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Date: 1664

"But swift Desires, / Transport my passions, to a Throne of Rest"

— Bold, Henry (1627-1683)

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Date: 1664

"Or if that Lady, in whose Breast, / My fled Heart, is lodg'd a Guest, / Will Exchange (but Oh! I fear / Her's, is stray'd, some other where) / I may Live"

— Bold, Henry (1627-1683)

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Date: 1664

"Come! let thy locks (whose every Hair / A willing Lover doth ensnare) / Fetter my Soul, in those soft Chaines, / Where Beauty link't with Love, remains!"

— Bold, Henry (1627-1683)

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Date: 1664

"Come! let thy locks (whose every Hair / A willing Lover doth ensnare) / Fetter my Soul, in those soft Chaines, / Where Beauty link't with Love, remains!"

— Bold, Henry (1627-1683)

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Date: 1664

"The fancy, memory, and judgment are then extended (like so many limbs) upon the rack; all of them reaching with their utmost stress at nature; a thing so almost infinite and boundless, as can never fully be comprehended, but where the images of all things are always present."

— Dryden, John (1631-1700)

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Date: 1664

"I can only say in general, that the souls of other men shine out at little crannies; they understand some one thing, perhaps to admiration, while they are darkened on all the other parts: but your Lordship's soul is an entire globe of light, breaking out on every side; and if I have only discove...

— Dryden, John (1631-1700)

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Date: 1664

"But that benefit which I consider most in it [rhyme], because I have not seldom found it, is, that it bounds and circumscribes the fancy: for imagination in a poet is a faculty so wild and lawless, that, like an high-ranging spaniel, it must have clogs tied to it, lest it outrun the judgment."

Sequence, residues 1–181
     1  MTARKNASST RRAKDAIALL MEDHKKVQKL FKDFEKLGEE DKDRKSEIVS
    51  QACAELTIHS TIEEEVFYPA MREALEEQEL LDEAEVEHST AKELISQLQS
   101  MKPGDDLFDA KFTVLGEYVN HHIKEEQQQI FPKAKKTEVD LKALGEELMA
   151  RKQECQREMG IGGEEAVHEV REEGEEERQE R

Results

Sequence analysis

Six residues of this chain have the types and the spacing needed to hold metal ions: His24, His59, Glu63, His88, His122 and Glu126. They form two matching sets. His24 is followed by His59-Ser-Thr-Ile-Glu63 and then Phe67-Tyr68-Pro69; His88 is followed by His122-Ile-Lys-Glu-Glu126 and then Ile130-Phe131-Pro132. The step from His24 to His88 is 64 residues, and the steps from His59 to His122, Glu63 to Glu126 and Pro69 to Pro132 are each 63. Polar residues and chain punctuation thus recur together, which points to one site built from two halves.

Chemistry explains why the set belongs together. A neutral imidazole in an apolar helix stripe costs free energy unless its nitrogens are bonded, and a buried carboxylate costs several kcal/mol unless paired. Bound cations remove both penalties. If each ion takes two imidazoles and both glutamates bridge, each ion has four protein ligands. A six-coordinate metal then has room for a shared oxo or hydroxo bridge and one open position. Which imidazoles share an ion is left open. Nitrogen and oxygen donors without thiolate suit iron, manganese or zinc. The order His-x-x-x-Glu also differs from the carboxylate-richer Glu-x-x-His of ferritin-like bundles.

— Dryden, John (1631-1700)

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Date: 1664

"[B]ut when the difficulty of artful rhyming is interposed, where the poet commonly confines his sense to his couplet, and must contrive that sense into such words, that the rhyme, shall naturally follow them, not they the rhyme; the fancy then gives leisure to the judgment to come in; which seei...

— Dryden, John (1631-1700)

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Date: 1666

"The composition of all poems is or ought to be of wit, and wit in the poet, or wit writing (if you will give me leave to use a school distinction), is no other than the faculty of imagination in the writer, which, like a nimble spaniel, beats over and ranges through the field of memory, till it ...

— Dryden, John (1631-1700)

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Date: 1666

"O truly royal! who behold the law, / And rule of beings in your Maker's mind; / And thence, like limbecs, rich ideas draw, / To fit the levelled use of humankind."

— Dryden, John (1631-1700)

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The Mind is a Metaphor is authored by Brad Pasanek, Assistant Professor of English, University of Virginia.